The Known Crewmember Program (KCM) has officially been expanded to include Part 135 and 125 charter pilots, with yesterday’s first nonscheduled airline use of this program at Washington Dulles International Airport. KCM is a risk-based screening system that enables TSA officers to verify the identity and employment status of flight crewmembers.
The Transportation Security Administration (TSA) on March 26 released a comprehensive review of the November 2013 shooting incident at Los Angeles International airport in which a TSA employee was killed. Immediately following the November attack, the TSA stepped up local and state law enforcement patrols at major airports. The TSA report said new agency protocols should enhance the safety and security of its employees, as well as airline passengers.
Scientists at the University of Florida in Gainesville have developed an airport baggage scanner that uses ultraviolet (UV) light to help uncover explosives in checked airline baggage. The new system compares the specific colors of UV light absorbed as bags pass beneath the scanner along the conveyor belt. The new technology works with existing airport X-ray conveyor belts and, according to its developer, is able to scan 100 percent of luggage for explosives with 95-percent accuracy.
The U.S. Transportation Security Administration (TSA) last month opened the first of 300 planned application centers for its “Pre-Check” expedited screening program, which allows members to pass through airport security checkpoints without removing their shoes, laptop computers and other personal items. The agency expects the centers to boost enrollment in Pre-Check; previously the program covered mainly airline frequent fliers and travelers enrolled in the U.S. Customs and Border Protection agency’s Global Entry program.
Last month, a student-faculty team from Embry-Riddle Aeronautical University used a Ford Escape hybrid car equipped with a GrayMatter Autonomous Vehicle system, GPS and 64 lasers to successfully guide the vehicle around the perimeter of Florida’s Daytona Beach International Airport on a pre-determined track. The event is believed to be the first successful test of a completely autonomous, self-guided airport security vehicle that could be used to guard an airport perimeter.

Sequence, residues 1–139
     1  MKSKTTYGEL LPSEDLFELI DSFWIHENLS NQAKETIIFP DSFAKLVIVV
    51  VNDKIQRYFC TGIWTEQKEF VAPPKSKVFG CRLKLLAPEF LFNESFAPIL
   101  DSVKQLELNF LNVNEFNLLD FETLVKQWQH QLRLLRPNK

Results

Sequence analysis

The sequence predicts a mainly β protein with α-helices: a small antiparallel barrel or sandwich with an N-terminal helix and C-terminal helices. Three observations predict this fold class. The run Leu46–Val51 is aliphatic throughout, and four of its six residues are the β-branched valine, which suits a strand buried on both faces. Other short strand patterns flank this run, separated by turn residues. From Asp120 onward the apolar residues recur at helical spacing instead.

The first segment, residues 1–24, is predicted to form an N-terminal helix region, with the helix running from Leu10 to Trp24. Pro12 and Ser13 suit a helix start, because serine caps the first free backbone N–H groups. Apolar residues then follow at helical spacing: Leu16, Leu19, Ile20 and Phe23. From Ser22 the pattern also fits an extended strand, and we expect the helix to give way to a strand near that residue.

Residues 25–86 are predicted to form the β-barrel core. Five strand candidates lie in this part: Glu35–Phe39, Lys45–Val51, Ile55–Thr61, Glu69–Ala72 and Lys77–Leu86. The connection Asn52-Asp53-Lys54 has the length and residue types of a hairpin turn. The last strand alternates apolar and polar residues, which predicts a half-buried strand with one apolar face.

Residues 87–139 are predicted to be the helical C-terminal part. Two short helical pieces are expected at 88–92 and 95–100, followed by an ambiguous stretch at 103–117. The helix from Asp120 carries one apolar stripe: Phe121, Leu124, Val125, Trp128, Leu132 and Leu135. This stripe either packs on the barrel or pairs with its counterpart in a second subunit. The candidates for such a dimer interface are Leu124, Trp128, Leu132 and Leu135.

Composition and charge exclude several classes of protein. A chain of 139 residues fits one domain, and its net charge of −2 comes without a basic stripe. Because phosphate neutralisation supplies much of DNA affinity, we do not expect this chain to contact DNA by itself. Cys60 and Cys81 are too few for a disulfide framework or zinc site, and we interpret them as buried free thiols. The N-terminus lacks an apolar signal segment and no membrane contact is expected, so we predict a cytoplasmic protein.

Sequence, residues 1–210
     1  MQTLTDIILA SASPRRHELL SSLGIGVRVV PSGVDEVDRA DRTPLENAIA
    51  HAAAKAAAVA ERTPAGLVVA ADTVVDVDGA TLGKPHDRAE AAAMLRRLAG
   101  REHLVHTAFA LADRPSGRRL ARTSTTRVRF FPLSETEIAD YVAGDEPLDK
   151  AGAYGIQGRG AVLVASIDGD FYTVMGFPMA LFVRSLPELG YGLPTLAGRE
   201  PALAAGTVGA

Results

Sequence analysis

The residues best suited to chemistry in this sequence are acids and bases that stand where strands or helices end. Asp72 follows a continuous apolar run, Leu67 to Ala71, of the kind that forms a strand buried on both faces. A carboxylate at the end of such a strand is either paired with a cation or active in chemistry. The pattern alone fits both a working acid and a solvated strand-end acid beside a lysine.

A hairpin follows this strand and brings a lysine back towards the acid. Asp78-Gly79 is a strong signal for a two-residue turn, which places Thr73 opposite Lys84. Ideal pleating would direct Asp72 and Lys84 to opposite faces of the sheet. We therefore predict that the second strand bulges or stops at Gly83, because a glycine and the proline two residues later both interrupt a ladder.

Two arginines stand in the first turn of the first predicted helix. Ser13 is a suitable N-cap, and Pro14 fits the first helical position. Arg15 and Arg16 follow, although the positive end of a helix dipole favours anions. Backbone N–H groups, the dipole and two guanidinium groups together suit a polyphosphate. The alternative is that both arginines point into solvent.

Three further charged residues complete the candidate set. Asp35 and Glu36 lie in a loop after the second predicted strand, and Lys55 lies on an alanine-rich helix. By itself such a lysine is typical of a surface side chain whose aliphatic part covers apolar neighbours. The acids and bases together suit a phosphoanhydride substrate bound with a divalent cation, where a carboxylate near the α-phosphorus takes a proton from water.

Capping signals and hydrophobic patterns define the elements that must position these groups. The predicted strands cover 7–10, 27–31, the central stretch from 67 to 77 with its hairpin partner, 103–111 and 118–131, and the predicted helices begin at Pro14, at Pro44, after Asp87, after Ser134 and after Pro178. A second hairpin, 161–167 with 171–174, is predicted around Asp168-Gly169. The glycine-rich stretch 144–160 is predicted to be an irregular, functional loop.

The Federal Law Enforcement Officers Association (FLEOA) has condemned H.R. 2946 as a potentially fatal legislative stall tactic that would prevent the installation of secondary cockpit barriers aboard commercial aircraft. The bill, introduced by House aviation subcommittee chairman Frank LoBiondo (R-N.J.), directs the Transportation Security Administration (TSA) to study and report on the risk posed to commercial aviation security if a cockpit door is opened during flight.
After nearly three months of pushback from pilots, flight attendants and aircraft operators, the Transportation Security Administration (TSA) reversed its plan to allow small knives aboard airliners on June 5. TSA Administrator John Pistole’s March announcement that the agency would align U.S.
While the Transportation Security Administration (TSA) reviews a draft update of general aviation airport security guidelines, the agency is also running a series of exercises to bolster communications among airports, the local community and operators during times of increased security threats.
Airport perimeters are the weak links in the nation’s aviation security efforts, warns former Transportation Secretary Norm Mineta, now a vice chairman with Hill & Knowlton Strategies.
The ease with which anyone can penetrate an airport perimeter may shock those familiar with today’s elaborate security inside terminals, Mineta wrote recently in an op-ed article for The Washington Post. In Philadelphia last year, a driver crashed through a gate and onto a runway. There were similar “near-catastrophes” in Miami and Dallas, he said.
The Transportation Security Administration (TSA) has changed the rules and as of April 25 will allow small blades and sports implements such as golf clubs and lacrosse sticks to be carried on board by airline passengers. The rules would allow passengers to carry knives with blades shorter than 2.36 inches and narrower than half an inch, as long as they don’t have lockable blades. The existing rules prohibit most sharp objects, with the exception of scissors that are four or fewer inches in length, and also sports equipment. The TSA wants the rule change to harmonize U.S. security practices with those of other countries, which would make security screening more efficient. I’m not so sure about that.
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